In outer space men's clothing will become much more important to him. It will protect him against added dangers of cosmic and solar ra- diation, extremes of heat and cold (lunar tem- peratures range more than 450 degrees Fahren- heit)vacuum conditions and particles streaking through space without atmosphere to burn them Space suits of the future will be no ordinary flying suits. They'll be developed from astronaut clothing used in today's Mercury capsules. The torso suit is a closely fitted coverall with inner gas-retention ply of neoprene and an outer heat- reflective, aluminized nylon fabric; a helmet of resinous, impregnated fiber glass hard-shell with visor sealing and communication system; gloves with miniature finger lights; boots of aluminized, nylon fabric with tennis-shoe-type soles; and a cotton undergarment with long sleeves and legs.

The space suit has become a compact version of the spacecraft cabin. Into it has been built a similar environment control system. Its basis is an air conditioner which is called a heat ex- changer. Hot air, carbon dioxide and body odor leave the suit by a ventilation outlet at the back of the helmet, drawn into the heat exchanger by a water-cooled fan, purified and sent back by a hose from the oxygen tank to the suit waist. Fresh oxygen is forced into the suit's distribu- tion ducts and carried to the limbs where it flows freely back over the body for cooling and pressurization.

Several kinds of clothing will be worn during a space journey. During flight in a spacecraft, such as the Apollo on its way to the moon, astro- nauts will travel in a shirtsleeve environment, the same as the crews of the B-70. Astronauts will probably take turns wearing a space suit that will permit them to make outside repairs on the ship. When the crew reaches the moon they'll wear a space suit of more advanced design.

The Lunar Exploration Suit, Model MK 1 has been developed by Space General Corporation for travel across the surface of the moon. It re- sembles a shelter because it must carry its own life-support system wherever it goes. The basic suit assembly weighs 60 pounds on earth, 10 pounds on the moon. It will carry a two-week food supply weighing 30 pounds; a two-hour oxy- gen supply, 24 pounds; battery, 24 pounds; com- munication equipment, 12 pounds; reading and miscellaneous material, 12 pounds. With an 180- pound astronaut, this suit will total 342 earth- pounds and 57 moon-pounds.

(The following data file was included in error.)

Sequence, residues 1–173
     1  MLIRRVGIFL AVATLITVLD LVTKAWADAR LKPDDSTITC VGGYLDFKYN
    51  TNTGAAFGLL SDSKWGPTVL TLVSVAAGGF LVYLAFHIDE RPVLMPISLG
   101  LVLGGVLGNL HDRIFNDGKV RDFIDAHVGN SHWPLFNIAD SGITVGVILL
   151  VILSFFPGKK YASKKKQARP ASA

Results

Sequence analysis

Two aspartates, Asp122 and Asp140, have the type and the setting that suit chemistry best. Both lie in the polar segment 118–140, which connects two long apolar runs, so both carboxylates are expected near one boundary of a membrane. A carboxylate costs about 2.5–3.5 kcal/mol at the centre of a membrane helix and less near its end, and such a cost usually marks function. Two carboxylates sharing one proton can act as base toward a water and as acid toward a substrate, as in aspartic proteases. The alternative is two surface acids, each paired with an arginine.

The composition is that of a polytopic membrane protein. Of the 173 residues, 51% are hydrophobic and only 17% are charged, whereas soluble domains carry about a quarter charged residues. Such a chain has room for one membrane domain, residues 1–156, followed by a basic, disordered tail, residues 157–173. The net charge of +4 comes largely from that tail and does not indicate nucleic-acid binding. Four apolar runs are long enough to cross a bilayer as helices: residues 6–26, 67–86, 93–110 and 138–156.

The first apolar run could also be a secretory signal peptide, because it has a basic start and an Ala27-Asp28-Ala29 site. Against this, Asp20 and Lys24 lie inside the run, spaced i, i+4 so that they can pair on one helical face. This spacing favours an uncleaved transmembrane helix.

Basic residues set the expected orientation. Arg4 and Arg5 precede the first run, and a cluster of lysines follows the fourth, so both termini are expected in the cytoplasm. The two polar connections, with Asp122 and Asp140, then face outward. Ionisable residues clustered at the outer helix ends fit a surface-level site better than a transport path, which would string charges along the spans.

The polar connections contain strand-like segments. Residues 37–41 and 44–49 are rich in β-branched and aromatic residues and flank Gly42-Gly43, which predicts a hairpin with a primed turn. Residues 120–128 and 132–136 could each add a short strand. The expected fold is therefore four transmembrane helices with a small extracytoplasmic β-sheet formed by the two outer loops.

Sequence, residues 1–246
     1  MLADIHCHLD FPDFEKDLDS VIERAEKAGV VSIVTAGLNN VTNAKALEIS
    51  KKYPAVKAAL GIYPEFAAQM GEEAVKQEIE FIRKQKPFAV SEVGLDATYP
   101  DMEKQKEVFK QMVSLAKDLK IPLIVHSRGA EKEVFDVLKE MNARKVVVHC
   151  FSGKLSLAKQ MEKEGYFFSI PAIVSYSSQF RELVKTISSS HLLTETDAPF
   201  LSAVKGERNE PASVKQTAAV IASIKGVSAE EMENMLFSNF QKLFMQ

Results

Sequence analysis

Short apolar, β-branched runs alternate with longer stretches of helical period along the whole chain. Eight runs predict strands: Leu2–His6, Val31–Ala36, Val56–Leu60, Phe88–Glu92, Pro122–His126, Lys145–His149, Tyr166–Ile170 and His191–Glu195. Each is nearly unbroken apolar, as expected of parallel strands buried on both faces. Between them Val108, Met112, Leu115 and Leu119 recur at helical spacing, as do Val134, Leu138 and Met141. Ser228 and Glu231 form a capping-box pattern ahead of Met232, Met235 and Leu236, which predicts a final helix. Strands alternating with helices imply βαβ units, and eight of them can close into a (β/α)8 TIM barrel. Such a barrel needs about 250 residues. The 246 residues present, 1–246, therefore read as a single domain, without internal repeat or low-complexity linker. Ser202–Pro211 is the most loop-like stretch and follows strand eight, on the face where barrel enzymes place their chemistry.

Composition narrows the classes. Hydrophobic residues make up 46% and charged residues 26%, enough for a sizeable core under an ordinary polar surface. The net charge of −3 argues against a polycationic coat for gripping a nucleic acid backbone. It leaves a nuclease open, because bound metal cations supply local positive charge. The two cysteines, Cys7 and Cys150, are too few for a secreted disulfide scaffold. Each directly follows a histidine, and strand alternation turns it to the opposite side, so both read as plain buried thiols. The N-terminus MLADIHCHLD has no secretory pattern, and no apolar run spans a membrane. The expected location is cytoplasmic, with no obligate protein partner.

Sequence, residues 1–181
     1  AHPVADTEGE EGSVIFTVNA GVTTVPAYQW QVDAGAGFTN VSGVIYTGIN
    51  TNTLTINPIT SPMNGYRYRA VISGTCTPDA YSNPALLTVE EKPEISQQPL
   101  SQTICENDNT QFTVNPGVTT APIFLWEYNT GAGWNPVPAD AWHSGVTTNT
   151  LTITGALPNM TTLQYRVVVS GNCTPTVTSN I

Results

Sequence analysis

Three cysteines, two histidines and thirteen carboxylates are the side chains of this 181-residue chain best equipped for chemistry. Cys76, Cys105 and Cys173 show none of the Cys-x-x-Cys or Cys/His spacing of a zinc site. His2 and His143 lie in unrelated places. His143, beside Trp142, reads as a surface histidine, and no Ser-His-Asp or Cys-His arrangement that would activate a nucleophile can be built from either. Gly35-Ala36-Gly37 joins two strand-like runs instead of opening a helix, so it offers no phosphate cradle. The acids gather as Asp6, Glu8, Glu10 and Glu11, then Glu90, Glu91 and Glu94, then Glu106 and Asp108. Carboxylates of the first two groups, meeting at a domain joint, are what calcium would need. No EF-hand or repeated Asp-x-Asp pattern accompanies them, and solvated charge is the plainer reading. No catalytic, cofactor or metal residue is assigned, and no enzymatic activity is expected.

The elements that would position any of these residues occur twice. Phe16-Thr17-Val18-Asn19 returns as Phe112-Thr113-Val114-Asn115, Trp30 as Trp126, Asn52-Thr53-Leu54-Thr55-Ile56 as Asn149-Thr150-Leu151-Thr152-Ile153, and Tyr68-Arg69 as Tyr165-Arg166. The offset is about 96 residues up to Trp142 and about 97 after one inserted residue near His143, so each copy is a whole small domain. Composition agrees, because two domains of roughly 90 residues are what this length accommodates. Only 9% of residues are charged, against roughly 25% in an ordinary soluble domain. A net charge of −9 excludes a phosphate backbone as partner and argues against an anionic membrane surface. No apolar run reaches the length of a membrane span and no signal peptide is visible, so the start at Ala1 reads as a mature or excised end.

Looking at this enormous suit from top to bottom, you see first a wide-domed headpiece with an identification light centered on top, V- shaped antennae, a built-in helmet camera and see-around faceplate that drops almost straight down to the shoulders to give the astronaut 360- degree vision. At collar height there is a bumper to protect the "windshield" and for another as- tronaut to grab in helping his buddy. At thigh level ground lights can be turned on. Boots are double-soled and vacuum-insulated.

The astronaut will maneuver the suit much like a small tank. As he walks, he will use his arms inside to help the shoulder harness support the suit. He will operate dials and knobs on the control panel below the windshield for his life- support functions, to control the suit's cooking facilities, tune his radio and operate electronic equipment. From his "dashboard" inside the suit, he will also be able to manipulate a ground- powered vehicle which will support him with ad- ditional oxygen and supplies during exploration. This "Moonmobile" is technically called the Lunar Exploration Vehicle (2 man) MK I. It has a 20-foot umbilical which delivers oxygen and power to the space suit. The astronaut may walk with the vehicle, or he may choose to ride. If he rides, he hooks himself onto one end of the Moonmobile with support trunnions located on each side of his space suit. A mechanism on the vehicle will lift him off the ground and carry him in an upright position at five miles an hour. Also, when supported by the vehicle, the astro- naut can easily shift his weight much the same as in a lean-back chair. In this way he can tilt the suit horizontally for sleeping. It is padded down the back so as to be reasonably comfort- able under reduced lunar gravity. The multi- purpose support trunnions not only provide a means of support aboard the Moonmobile, but they can serve as a point of attachment for "fly- ing belts." They can also be used to hoist this "detachable man-propelled cabin of a Moon- mobile" into the spaceship.

There are advantages to integrating the hard- shell space suit into the configuration of a vehicle such as a Moonmobile. If the astronaut must move away from his supply vehicle, the umbili- cal can be disconnected. Then the suit's self- contained oxygen and power supply will permit it to operate independently until the oxygen is used. In exploration missions this is important. When each crewman is contained within his own suit. the failure of one will not affect the others, In this way space clothing will provide each astronaut a better chance for survival.

THE END